Making a cross border money transfer can sometimes be tricky. In previous posts we’ve talked about transparency and how many consumers are left out of pocket when dealing with foreign exchange – the “rate is transparent” or “zero commission” are often used terms in foreign exchange that conceal the actual price at which the currency is being sold. In a similar vein, cross border payments bring up a whole other set of less than transparent costs that many customers do not realize they are being charged. The banks are particularly guilty of this and by adding on numerous other fees, it is not only consumers that feel the pinch of international payments but the vast majority of businesses as well.

For example, many businesses are often only made aware of the “sending” fee and are surprised when either not all funds arrive or they receive an additional charge after they do arrive. Let’s take a look at other possible fees. The “correspondent-banking fee”: typically $10 – $20, this fee can be charged by any bank that processes a payment of behalf of a sender. However, there may be more than one correspondent bank in the chain that processes the payment, all of which charge a fee.

The “landing fee”, charged to the beneficiary by the beneficiary’s bank, is another fee that often catches customers off guard and is a particular nuisance for businesses. For example, you might be a fashion start-up that sells its wares abroad. You invoice the buyer, they confirm they’ve made the transaction and you expect the bank to do the rest. However, you check your account only to find the full amount hasn’t arrived. You make an irritable call to the buyer to say that the full amount hasn’t arrived but they’re adamant they paid it. You call your bank, only to find out that they charged you a landing fee, deducting up to $10 from your payment, leaving you short! This is one problem that many of our clients ask us about. Unfortunately, it is not always clear when making a cross border payment that the full amount on the invoice has been paid and when a landing fee is taken (which in some cases can be a percentage) it can cause unnecessary friction between businesses.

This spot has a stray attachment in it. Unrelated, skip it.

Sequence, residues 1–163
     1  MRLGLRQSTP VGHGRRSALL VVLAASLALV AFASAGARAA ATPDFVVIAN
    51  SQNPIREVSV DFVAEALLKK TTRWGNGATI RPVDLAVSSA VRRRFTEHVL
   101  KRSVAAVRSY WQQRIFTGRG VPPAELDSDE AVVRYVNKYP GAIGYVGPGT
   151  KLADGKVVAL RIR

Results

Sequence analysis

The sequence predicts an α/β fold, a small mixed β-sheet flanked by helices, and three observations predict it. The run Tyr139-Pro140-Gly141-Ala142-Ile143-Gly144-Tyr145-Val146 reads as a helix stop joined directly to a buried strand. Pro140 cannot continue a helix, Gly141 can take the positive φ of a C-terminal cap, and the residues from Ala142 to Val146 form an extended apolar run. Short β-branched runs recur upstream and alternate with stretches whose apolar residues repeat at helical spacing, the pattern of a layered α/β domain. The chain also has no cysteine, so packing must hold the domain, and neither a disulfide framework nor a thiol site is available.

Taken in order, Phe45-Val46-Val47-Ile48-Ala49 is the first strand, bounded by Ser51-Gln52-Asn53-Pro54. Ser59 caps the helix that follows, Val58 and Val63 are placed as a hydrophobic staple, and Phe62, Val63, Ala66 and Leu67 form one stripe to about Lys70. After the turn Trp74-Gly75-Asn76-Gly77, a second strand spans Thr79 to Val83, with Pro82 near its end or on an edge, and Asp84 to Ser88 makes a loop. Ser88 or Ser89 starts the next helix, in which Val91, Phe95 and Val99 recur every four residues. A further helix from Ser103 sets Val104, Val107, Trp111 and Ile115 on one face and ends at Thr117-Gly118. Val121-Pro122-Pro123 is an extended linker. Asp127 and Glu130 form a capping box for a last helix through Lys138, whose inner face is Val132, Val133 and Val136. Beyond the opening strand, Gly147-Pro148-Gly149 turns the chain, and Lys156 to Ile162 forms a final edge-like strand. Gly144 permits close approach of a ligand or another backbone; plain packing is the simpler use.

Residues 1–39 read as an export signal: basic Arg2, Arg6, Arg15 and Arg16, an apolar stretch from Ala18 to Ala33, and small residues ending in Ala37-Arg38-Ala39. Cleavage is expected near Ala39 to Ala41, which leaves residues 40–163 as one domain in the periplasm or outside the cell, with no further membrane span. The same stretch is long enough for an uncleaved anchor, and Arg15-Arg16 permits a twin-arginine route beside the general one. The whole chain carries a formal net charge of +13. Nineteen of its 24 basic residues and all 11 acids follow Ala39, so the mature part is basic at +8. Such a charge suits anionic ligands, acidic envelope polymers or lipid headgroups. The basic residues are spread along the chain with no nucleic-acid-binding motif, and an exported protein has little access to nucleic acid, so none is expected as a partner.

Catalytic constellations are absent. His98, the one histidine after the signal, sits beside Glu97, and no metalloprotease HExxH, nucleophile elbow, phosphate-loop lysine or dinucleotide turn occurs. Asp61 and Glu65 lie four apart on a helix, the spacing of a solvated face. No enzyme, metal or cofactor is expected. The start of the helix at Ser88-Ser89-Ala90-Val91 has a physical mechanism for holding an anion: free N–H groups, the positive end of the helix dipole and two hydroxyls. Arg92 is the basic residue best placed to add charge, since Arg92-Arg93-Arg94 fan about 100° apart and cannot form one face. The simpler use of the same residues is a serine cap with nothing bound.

Some transfers also incur error fees from payments being sent to non-existent or blocked bank accounts. When this happens the bank can charge the sender a “return fee” and based on the returning bank’s policy, they can debit between $20 – $40 before returning the funds. Then there is the “manual intervention fee”, the “cross border federal tax”, the “failure fee”, “crossing legal entities”, we go could on and on…

With so many fees being applied, there has been a half-hearted attempt from the banks at improving the situation for customers. In recent years, all banks agreed to a standard called “sender pays all fees” or “receiver pay all fees” where the sender can decide who will pay for the additional costs. While this might decide who foots the bill, it does not solve the issue of transparency, as the total fees are never known until the funds have been delivered, not before they are sent. To account for this, some banks charge $40 for a single cross border payment in an effort to absorb added costs into an upfront fee but this is still in our eyes, extortionate.

At Currency Cloud we use our own network of local in-country bank accounts to process cross border payments, controlling the fees from end to end. By doing this, we can be very transparent and tell our customers upfront the fees they will be charged. If you do choose to make cross border payments through a bank, remember that you may have to pay more than you bargained for.

Nigel Verdon